Care-giving in dementia: the challenge of attachment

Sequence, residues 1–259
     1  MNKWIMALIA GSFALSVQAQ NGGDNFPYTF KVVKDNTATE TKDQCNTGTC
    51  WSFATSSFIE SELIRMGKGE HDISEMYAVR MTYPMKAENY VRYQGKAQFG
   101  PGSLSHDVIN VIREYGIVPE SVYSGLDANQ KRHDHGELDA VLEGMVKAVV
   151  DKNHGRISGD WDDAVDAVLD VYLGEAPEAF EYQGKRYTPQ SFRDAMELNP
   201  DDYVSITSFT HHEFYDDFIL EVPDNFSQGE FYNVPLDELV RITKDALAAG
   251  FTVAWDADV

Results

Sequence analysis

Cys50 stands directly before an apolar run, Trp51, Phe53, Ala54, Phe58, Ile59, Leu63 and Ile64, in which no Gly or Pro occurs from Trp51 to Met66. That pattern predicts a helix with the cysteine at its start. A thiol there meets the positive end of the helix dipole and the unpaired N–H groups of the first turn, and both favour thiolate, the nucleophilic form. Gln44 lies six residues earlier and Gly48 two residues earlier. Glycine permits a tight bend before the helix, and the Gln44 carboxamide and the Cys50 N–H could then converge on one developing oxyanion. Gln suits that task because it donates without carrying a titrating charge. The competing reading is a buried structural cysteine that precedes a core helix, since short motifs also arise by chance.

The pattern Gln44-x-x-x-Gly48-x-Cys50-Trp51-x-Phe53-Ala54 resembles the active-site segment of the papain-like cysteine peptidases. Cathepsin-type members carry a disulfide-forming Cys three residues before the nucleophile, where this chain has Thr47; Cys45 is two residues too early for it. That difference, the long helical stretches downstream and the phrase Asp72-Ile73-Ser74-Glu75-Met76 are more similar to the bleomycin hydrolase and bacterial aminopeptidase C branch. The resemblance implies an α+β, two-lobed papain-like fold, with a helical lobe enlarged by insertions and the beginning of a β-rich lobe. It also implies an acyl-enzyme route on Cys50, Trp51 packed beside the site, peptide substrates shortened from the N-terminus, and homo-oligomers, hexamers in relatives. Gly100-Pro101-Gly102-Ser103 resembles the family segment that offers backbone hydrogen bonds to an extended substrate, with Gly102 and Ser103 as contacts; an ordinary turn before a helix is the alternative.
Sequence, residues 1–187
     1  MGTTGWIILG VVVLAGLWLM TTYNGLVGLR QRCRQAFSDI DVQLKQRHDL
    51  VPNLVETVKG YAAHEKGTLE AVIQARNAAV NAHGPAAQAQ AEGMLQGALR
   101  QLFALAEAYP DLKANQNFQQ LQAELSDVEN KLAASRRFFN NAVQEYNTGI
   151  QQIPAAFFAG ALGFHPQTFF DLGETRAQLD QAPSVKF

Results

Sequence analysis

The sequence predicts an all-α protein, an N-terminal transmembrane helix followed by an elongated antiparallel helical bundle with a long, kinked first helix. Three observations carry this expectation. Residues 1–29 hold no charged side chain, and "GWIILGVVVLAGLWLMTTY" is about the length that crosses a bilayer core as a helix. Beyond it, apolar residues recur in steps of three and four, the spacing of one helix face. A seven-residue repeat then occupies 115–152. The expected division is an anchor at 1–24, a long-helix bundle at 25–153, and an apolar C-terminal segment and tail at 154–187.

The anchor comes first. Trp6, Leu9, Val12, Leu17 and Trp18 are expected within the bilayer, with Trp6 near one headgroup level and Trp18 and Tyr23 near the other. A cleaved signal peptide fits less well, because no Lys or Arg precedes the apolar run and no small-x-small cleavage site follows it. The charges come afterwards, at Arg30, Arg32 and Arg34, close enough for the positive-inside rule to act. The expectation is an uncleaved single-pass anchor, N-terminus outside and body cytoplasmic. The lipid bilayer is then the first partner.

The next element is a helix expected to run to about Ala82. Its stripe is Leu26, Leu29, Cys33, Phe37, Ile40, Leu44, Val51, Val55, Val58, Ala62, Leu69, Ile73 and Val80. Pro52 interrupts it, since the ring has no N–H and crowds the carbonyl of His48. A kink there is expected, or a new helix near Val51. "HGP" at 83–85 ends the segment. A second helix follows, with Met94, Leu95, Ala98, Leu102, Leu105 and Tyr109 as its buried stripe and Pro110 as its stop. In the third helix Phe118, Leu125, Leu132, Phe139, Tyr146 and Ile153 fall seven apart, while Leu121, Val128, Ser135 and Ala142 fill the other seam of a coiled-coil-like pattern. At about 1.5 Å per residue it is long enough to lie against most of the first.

Today, most researchers and care-givers all around the world agree about one common goal in dementia. All methods, approaches, techniques or interventions are meant to improve the quality of inter-personal interaction with the sufferer in order to counteract the impending isolation of the sufferer and his family, as the dementia process progresses. They can now be elaborated without becoming competitive, demagogic or religious. The realization that many roads lead to the same goal represents valuable progress. Yet, there is no magic formula for working with the dementing elderly. At the moment we acknowledge that in modelling individual caregiving in whatever setting, we have to consider the aetiology of the disease, the stage of the process, the life-span and the personality of the sufferer, and his or her family system. However, that knowledge and expertise was addressed mainly to care-givers; which implies that the patient is still often considered as an object of the dementia disease. Fortunately, the individual perspective of the sufferer has recently been stressed more and more by many authors. This new view means that the patient is becoming the subject of his or her disease. This changing perspective is enabling us to see, on the one side, the rich panorama of experiences and emotional needs of the patient; and on the other, it has enabled us to enter and discuss the experiences and (un)conscious needs of the care-givers themselves, be they relatives or professionals. In a broader context, the foundations on which care-giving in dementia is grounded, implicitly reflect the basic values and beliefs of our culture and society.